Sophomores anticipate APUSH exam

The Advanced Placement U.S. History exam Friday has many 10th graders scrambling to study.

“I’m studying two to three hours a day,” sophomore Ryan Wheat, who is taking his first AP exam, said. “If I get lucky, I’ll get a 3, but many [other APUSH students] feel they are not prepared for the exam.”

APUSH teacher Jim Pustay said his students need to study.

“The APUSH exam is the hardest of all the AP tests. In all the other [AP tests], you come in with a foundation. [In APUSH], students need to learn a lot on their own,” he said. “They are actually tested as expert historians.”

Sophomore Hailey Macrander said she’s not as stressed as some other students.

“I think many kids are just working themselves up about [the exam] because it’s worth a college credit,” she said. “[Mr. Pustay] has been giving us a bunch of practice exams and going over them with us.”

Sophomore Jennifer Stone said there are many reasons why the APUSH exam causes stress.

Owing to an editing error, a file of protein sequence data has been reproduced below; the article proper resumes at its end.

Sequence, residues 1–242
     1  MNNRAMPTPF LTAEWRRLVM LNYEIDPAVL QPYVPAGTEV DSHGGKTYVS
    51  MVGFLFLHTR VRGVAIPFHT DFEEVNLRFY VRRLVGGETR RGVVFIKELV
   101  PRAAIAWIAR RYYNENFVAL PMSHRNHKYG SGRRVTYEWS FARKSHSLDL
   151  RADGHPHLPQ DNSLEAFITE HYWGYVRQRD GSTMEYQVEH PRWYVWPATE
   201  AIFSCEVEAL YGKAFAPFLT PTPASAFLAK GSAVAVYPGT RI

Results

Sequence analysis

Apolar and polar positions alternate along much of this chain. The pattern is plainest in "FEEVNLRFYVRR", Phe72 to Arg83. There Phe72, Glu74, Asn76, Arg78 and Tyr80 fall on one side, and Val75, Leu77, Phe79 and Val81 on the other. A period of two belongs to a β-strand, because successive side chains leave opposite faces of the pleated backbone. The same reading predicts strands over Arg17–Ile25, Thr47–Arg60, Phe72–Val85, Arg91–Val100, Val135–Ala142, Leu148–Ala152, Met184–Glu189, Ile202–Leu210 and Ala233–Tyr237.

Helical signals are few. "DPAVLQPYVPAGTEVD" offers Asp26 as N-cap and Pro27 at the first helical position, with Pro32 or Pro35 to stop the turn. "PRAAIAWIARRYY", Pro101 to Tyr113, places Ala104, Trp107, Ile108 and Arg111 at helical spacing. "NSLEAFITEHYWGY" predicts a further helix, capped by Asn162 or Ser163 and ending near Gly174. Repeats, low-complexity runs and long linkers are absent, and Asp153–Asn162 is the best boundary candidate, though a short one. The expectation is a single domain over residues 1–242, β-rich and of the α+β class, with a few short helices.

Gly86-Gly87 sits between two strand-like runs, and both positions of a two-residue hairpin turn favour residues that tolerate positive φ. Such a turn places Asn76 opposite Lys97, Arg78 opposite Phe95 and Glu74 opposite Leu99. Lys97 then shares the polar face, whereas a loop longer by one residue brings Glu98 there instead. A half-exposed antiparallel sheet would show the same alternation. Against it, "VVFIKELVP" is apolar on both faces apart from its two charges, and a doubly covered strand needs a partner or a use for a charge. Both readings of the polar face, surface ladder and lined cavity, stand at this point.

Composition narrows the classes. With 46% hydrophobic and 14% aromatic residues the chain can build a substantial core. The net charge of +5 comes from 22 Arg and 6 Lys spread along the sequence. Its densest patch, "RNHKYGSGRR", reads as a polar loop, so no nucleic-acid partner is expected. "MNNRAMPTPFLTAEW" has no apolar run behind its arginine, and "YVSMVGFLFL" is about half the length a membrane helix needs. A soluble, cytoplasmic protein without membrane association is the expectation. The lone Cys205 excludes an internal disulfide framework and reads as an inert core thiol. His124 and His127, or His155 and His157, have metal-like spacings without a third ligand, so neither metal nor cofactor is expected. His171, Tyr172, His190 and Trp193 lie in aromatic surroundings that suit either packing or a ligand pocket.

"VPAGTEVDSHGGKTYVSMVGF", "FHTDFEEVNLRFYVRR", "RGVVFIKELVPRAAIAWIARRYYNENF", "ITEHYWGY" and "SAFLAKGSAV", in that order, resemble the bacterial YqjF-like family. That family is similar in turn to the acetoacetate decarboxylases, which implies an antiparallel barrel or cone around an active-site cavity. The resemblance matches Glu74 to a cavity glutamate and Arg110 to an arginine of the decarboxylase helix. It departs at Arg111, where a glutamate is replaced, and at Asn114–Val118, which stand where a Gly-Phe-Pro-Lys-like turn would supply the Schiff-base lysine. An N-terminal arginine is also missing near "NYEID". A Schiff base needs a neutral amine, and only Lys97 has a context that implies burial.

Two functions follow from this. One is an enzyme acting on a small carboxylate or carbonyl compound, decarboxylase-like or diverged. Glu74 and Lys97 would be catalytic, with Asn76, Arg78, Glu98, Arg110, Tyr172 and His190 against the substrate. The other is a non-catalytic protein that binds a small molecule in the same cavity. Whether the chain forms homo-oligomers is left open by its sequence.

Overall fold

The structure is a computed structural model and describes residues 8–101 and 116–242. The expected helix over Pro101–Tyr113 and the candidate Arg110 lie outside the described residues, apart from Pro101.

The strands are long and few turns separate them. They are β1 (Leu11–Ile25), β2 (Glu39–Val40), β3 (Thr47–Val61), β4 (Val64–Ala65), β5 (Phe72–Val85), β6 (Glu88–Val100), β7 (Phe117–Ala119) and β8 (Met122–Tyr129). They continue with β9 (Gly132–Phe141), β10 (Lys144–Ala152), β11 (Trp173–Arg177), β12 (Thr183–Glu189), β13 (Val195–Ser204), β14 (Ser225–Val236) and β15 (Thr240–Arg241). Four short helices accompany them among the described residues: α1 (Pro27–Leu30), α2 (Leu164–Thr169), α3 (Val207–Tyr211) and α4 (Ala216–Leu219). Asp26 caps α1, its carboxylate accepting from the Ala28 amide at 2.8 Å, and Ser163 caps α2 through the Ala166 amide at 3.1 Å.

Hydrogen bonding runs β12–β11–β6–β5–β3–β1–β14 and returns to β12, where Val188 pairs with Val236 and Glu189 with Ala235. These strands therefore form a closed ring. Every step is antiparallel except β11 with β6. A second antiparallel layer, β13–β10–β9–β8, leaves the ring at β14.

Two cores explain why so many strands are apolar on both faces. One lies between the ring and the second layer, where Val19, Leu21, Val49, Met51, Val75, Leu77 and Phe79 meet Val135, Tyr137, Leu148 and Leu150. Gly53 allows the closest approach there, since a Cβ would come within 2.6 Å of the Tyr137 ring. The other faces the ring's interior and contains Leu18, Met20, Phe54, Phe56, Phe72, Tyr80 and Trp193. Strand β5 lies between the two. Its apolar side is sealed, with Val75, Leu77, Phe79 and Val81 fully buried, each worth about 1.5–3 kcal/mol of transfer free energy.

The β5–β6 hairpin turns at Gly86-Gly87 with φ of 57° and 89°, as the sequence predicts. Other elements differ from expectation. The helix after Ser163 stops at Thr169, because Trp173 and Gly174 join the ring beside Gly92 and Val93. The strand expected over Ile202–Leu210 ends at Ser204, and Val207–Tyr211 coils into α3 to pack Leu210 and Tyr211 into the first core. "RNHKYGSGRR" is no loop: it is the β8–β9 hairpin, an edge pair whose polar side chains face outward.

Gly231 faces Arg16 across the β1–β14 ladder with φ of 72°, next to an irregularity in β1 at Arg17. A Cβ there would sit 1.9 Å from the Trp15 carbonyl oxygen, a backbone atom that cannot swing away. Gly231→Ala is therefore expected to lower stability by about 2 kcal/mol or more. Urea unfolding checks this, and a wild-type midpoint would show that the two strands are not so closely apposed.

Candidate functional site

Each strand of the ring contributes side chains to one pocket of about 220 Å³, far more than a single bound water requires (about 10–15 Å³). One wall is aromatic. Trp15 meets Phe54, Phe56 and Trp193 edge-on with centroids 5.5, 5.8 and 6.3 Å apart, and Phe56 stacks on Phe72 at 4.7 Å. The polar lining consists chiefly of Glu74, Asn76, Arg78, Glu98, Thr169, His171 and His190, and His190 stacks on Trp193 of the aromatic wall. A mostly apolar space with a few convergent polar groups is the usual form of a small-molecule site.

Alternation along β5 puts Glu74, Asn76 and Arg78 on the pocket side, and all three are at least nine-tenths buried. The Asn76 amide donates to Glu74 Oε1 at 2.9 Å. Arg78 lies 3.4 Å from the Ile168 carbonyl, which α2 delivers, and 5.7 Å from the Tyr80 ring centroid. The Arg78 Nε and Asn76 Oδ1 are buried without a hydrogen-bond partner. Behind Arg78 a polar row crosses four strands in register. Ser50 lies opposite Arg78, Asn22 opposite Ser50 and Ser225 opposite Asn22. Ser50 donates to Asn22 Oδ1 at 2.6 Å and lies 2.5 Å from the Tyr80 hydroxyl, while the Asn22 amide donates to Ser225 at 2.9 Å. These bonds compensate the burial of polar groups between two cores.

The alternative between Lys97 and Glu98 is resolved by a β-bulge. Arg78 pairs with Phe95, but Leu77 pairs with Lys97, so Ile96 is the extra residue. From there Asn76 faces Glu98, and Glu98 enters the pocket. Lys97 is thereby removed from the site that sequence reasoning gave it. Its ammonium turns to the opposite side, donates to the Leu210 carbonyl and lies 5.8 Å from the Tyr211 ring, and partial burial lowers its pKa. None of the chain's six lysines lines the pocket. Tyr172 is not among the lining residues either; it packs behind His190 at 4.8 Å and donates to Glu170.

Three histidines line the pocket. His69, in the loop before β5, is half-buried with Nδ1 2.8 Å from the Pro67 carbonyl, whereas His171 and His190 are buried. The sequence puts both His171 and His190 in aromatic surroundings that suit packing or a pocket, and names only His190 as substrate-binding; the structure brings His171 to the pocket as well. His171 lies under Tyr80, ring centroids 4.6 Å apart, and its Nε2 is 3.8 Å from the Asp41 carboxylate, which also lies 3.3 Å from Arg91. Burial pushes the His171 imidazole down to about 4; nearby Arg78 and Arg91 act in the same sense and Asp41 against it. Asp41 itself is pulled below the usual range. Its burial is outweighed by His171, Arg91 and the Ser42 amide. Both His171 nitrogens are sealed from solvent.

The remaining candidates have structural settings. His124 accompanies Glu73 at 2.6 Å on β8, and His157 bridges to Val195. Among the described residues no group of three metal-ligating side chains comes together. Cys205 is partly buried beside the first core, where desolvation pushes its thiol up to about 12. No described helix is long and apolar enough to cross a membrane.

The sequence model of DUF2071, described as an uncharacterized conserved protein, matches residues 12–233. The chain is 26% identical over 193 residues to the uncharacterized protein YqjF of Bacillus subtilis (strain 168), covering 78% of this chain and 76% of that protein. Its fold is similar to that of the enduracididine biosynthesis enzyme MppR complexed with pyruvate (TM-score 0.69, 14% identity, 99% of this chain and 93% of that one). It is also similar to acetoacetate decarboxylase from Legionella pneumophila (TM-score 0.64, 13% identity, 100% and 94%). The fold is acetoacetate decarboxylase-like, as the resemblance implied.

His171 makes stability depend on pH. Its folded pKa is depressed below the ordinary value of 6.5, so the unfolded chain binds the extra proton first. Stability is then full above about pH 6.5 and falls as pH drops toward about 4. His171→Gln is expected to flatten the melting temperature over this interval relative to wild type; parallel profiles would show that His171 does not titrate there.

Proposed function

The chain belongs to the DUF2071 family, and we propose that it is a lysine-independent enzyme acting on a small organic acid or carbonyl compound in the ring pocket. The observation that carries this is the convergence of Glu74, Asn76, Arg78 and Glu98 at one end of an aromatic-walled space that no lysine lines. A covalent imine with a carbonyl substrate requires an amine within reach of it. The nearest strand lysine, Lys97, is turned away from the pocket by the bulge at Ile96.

“It’s a really hard exam, and for a lot of people it’s their first AP exam ever,” she said. “I expect to get maybe a 4.”

Pustay said students need to work on their own initiative.

“The APUSH textbook only covers 40 percent of the material, 30 percent comes from me, and the rest must be their own research,” he said. “If they’re not able to read the textbook well, it’s a challenge. It can be overwhelming, and [the students] must be self-disciplined.”

Pustay gave some statistics for the exam.

“The national pass rate is 50 percent,” he said. “Last year’s [APUSH class] was about 90 percent. We have an elite group right here.”

by Andrew Lim